The town of Rocky Harbour is essentially surrounded by Gros Morne National Park, a beautiful park with some very intriguing geological features. (If you are interested, search for Tablelands) I did a couple of walks and visited several of the sites in the park, although not Gros Morne Mtn itself. As much as I would have liked to do the 16km hike, I learned it was mostly a scramble on loose rock at the top, and considering my back, the amount of H20 and snacks recommended, and my lack of a sherpa or a solid pair of hiking boots I opted out. Maybe another time :P
We got to go sea kayaking, on a boat tour of Bonne Bay, hiking in to the Western Brook Pond (essentially a fjord cut off from the ocean) and out to the lighthouse at Lobster Head point. Some people went golfing, others spent lots of time relaxing or just recharging. I liked to explore.
One of the best moments was our final dinner together, a tradition meal called “jiggs dinner” if I remember correctly. They used to cook all the veggies, potatoes and the meat, typically corned beef, in one pot – since they only had one pot – and that’s what we got served. We were informed that Ned the Newfie was on his way especially to see us, all the way from Saint Anthony’s, and I took the bait. Lo and behold, “he” arrived in his fishing clothes with his friend, Obama, who knew how to play a mean “ugly stick”…and the singing began. It was actually one of the volunteer couples who had led the singing during the morning devotions :p.
After the retreat I headed off on my own to L’Anse aux Meadows. A long drive but well worth the time. I would highly recommend visiting the Parks historic site and the Norstead village, and also passing through Saint Anthony’s to visit the Grenfell Historic Properties, where you learn much about the establishment of medical care and facilities along the northern coast of NFLD and in Labrador. I just fell in love with the scenery: little islands off the coast, hills with big cliffs right along the ocean, sub alpine vegetation, charming fishing villages. It probably helped to have decent weather, discover many wild berries (raspberries, strawberries, crowberries, partridgeberries, etc.) and meet some fun people. I even got invited to join some other guests at the B&B for a supper of roast moose. Mmm.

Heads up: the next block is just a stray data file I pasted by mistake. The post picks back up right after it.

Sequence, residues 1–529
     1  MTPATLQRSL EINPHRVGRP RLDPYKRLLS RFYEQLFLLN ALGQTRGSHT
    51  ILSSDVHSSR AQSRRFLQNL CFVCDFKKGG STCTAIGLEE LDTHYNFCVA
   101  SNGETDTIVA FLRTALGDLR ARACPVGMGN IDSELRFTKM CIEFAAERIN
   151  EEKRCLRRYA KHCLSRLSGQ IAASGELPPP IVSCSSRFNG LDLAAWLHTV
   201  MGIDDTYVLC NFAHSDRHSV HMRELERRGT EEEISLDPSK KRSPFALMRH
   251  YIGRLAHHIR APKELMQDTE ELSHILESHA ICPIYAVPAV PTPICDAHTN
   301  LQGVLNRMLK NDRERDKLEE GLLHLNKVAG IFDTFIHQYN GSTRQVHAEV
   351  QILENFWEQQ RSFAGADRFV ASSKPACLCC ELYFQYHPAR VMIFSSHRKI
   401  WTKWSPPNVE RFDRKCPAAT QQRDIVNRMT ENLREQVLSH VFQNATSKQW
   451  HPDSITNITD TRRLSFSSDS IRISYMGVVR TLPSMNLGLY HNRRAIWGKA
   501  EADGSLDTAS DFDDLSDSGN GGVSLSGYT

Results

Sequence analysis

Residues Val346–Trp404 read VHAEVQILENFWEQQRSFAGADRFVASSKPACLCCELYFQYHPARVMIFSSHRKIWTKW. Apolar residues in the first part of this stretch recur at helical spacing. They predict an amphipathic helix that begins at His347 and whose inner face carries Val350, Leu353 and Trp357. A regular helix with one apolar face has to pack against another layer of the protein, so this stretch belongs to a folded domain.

I was quite sad to leave, and I have a sneaking suspicion that this province has joined my list of places I’d like to return to one day!
Thanks for reading! À la prochaine!
Vancouver Island, one of my favourite places since I was a little kid. Maybe it’s the view of Mt. Aerosmith that we have or the perfect setting to watch the sunset, or the wild blackberries, or the tidal pools full of happy little crabs and the spectacular beaches. In any case, I was excited to spend a few days out at the cottage in August.
But I didn’t sit still, I wanted to drive out to Pacific Rim National Park, and to stop in Cathedral Grove, and swim at Qualicum Beach, etc. It was a treat!